Bean and his plastic-packet-blanket


His workshop is ready, now all we need is his ‘screwdriver-spoon’

Last year marked my first ever Mother’s Day and I had high (ok, very high), expectations of this day. I imagined that it would be nothing short of fireworks, rosy cheeks and laughter. The reality was, of course, a little different: although I did get the gift and the cup of coffee in bed, it was just another day. Because nappies still need to be changed, kids can be difficult and yes, I am not the only mother in the world deserving special attention (shocker!).

So, this year, I decided to focus on the moments of ingenuity, magic and wonder, to embrace the usual, to relish in the every-day things of being a mom. Because, that’s what I am: a mom to an energetic, challenging and kind little bundle of toddler-love. Today, I am thankful to be called ‘mom’, I will change those nappies with joy and I will repeat words of love as often as I repeat everything else.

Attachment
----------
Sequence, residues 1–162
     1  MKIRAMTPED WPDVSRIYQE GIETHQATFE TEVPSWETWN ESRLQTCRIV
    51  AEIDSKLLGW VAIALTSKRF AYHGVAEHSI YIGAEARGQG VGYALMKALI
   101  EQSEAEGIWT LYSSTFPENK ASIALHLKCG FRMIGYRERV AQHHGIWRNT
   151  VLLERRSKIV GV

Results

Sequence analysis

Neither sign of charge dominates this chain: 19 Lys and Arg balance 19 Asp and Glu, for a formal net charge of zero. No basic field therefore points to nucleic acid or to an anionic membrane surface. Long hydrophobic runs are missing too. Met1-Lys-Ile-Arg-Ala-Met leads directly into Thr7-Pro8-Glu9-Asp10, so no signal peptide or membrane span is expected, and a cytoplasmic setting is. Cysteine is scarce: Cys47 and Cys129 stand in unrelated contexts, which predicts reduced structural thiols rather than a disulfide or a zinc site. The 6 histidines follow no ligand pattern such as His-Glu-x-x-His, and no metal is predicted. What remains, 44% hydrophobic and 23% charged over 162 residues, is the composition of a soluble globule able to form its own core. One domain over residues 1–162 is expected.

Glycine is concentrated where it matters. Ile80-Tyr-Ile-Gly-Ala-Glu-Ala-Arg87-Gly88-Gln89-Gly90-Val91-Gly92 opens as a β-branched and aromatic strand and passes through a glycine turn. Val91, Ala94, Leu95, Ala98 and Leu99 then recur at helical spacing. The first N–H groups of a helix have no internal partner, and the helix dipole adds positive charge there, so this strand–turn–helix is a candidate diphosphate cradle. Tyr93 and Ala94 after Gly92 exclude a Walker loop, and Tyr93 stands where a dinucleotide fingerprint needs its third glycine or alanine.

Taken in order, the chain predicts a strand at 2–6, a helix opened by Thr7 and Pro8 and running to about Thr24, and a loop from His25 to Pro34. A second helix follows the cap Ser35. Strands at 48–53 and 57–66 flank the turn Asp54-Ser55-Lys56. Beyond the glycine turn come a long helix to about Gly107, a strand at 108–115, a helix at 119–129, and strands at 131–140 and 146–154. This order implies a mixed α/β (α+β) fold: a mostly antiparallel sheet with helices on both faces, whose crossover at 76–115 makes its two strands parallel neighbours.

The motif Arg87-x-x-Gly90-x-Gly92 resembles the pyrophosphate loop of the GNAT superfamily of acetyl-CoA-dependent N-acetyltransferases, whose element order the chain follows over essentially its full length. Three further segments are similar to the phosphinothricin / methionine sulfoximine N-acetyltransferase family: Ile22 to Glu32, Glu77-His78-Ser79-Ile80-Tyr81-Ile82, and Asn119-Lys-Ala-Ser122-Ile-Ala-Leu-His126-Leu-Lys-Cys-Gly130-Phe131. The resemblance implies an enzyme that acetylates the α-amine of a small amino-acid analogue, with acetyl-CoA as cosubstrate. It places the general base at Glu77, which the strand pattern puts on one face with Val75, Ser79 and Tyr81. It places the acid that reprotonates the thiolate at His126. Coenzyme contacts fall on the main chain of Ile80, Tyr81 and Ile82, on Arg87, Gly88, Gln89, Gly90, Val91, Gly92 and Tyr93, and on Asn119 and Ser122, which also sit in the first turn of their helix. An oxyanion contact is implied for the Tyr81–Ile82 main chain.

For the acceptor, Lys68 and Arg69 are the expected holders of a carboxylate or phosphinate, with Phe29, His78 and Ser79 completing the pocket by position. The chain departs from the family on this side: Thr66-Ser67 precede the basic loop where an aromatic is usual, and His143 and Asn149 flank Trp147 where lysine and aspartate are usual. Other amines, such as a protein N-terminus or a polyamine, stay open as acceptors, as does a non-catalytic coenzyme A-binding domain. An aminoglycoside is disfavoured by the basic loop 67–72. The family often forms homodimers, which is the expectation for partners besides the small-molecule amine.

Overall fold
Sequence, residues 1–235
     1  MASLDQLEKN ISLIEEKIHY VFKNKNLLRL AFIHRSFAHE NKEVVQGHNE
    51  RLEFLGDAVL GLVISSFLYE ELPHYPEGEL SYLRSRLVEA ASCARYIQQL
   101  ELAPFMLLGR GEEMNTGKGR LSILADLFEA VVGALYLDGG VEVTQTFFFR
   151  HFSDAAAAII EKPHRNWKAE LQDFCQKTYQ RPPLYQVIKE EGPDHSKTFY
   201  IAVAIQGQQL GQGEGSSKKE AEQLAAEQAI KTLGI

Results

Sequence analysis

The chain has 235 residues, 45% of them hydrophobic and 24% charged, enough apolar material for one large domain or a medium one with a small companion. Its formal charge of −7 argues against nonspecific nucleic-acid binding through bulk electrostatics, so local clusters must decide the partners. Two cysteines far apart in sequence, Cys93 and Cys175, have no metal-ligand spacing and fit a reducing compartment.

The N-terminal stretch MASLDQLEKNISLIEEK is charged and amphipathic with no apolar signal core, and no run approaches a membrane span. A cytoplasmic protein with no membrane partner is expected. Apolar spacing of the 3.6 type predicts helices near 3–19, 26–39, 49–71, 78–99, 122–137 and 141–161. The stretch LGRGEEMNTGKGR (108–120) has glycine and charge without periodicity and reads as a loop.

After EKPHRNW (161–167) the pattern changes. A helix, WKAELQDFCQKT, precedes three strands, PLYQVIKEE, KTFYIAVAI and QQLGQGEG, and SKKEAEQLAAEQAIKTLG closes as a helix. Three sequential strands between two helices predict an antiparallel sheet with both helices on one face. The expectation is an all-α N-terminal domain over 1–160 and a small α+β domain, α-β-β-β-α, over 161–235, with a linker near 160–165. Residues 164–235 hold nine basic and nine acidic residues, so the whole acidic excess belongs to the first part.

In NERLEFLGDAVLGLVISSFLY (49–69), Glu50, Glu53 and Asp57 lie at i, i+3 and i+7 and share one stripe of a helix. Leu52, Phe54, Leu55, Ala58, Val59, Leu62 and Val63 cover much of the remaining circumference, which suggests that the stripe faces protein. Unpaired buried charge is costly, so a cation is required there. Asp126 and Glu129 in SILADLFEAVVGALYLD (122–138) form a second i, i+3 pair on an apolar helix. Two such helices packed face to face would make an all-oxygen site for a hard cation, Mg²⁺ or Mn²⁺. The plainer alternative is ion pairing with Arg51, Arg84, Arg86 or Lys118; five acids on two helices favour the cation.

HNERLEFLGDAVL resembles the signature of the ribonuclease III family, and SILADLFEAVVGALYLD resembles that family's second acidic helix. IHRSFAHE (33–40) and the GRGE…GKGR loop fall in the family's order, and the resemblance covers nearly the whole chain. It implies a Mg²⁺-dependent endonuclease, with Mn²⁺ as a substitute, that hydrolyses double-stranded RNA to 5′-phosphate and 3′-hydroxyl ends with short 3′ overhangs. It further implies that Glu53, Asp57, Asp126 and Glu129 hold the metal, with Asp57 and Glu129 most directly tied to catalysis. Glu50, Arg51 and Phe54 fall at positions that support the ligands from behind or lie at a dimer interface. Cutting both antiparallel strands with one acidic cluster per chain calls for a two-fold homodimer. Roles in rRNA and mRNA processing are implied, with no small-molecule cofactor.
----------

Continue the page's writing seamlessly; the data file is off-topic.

Yes, today is just another day, and it is wonderful.

Happy Mother’s Day!

5 Tips to Beat Sleep Deprivation

If there is one thing that we as a human race should invent, it has to be a system to store sleep. We live in a world filled with technological geniuses who create new inventions almost daily and yet no one has been able to find a scientific solution to the very common problem of sleep deprivation, except, of course, to tell us to sleep more. But as every parent knows, sleep is one luxury that is in very low supply.

This weekend, for example, we went on a much-anticipated date night. When we got home, tired and ready for bed, Bean was wide awake. With difficulty, he finally fell asleep around 2 am, only to wake up again at 6 am. Now, how absolutely amazing would it have been if we could have simply tapped into a supply of stored sleep, instead of getting through our day like a pair of zombies?

Seeing as our scientific community has, however, let us down in this department, I have put together a list of 5 tips to help every parent deal with the continuous lack of sleep.